It lets out 12 flats across its buildings, and is currently retrofitting 12 more into a brightly lit floor with seagull views in the magnificent Twenties printing presses of the Hastings and St Leonard’s Observer, which had been abandoned since 1985. Criteria for tenancy include need for affordable space, local connection and enthusiasm for the organisation’s community ethos (Maggie bakes cakes for other occupants of Hastings Commons flats and workspaces). The average rent charged is £609.89.

“Hastings could easily be allowed to fail. The housing market has crumbled here, and this is having a direct impact on people’s lives and bankrupting the council,” said Jess Steele, founder of Hastings Commons. “Poor neighbourhoods like this get offered a false choice between gentrification and decline, but there is an alternative. That is our concept of self-renovating neighbourhoods, doing it ourselves from the bottom up.”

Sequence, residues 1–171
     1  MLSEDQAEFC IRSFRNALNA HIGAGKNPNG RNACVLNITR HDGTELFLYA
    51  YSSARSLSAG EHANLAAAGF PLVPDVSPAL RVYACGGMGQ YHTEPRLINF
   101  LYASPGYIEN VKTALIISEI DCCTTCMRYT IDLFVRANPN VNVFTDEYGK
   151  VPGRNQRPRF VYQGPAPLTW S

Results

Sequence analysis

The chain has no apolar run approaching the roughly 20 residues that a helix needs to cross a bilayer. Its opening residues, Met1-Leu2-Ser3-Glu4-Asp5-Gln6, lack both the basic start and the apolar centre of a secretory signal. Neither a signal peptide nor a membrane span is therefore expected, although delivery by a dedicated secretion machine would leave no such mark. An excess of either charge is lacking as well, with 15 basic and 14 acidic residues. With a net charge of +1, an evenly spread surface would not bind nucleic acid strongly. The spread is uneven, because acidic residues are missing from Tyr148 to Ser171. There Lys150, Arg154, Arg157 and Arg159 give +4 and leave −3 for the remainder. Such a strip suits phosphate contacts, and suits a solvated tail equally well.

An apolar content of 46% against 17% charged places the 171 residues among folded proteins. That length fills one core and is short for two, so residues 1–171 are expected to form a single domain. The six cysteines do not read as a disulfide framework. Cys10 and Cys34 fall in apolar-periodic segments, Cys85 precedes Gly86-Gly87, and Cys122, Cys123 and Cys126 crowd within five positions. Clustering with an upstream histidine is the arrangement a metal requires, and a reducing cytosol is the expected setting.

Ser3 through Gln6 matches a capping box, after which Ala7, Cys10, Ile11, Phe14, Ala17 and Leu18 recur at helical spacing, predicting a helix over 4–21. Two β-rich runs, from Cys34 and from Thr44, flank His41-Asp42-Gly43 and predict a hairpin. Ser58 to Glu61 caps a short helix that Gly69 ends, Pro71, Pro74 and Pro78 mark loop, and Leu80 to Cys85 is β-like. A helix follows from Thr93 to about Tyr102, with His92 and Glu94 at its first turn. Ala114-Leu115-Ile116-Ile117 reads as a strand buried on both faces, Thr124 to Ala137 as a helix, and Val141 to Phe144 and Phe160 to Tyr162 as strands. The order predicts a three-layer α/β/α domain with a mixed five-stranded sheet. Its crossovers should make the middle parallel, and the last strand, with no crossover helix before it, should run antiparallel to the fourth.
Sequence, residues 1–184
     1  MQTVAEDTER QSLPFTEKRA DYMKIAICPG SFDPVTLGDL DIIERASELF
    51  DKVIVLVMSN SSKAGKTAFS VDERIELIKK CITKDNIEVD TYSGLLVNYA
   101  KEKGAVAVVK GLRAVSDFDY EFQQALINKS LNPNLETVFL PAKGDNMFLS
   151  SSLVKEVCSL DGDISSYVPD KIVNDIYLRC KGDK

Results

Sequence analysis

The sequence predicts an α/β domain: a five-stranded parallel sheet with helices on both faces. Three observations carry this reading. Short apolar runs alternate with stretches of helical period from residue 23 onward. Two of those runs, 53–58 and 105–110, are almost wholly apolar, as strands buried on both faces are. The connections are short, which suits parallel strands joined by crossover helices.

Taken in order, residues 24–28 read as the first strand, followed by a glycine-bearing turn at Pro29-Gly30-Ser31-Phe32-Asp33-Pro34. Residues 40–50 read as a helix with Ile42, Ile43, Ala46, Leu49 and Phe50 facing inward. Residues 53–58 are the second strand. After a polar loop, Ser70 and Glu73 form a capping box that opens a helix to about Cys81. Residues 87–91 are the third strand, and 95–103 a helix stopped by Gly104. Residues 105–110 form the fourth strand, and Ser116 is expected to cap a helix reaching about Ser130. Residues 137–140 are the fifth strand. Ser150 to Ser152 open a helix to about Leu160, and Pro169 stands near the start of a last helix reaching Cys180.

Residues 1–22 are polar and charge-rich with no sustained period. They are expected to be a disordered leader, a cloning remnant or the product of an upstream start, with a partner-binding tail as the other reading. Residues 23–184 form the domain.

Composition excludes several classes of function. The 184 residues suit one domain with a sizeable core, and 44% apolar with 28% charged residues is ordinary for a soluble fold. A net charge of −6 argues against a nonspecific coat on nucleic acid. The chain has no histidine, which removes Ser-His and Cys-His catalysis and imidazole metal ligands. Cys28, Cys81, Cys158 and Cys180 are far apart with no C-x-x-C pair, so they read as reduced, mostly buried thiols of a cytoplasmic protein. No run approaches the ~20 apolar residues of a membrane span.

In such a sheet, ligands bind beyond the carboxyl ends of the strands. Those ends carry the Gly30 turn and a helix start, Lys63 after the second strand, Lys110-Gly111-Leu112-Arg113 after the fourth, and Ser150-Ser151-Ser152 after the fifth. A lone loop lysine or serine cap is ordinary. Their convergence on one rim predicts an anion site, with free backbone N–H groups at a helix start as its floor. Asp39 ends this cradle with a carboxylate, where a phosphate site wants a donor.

A number of not-for-profit grassroots landlords and community builders are buying up forgotten spaces across the country, including a row of terraces in Toxteth, Liverpool, and an old high street and theatre in Plymouth. Could pots of centrally allocated funding, such as the Levelling Up and Towns Fund, help replicate this organic housing solution on a national scale? As with many marginal Conservative constituencies, Hastings and Rye (where the Tory MP was elected in 2019 with a majority of 4,000) has been granted some of this cash: £24.3m from the Towns Fund.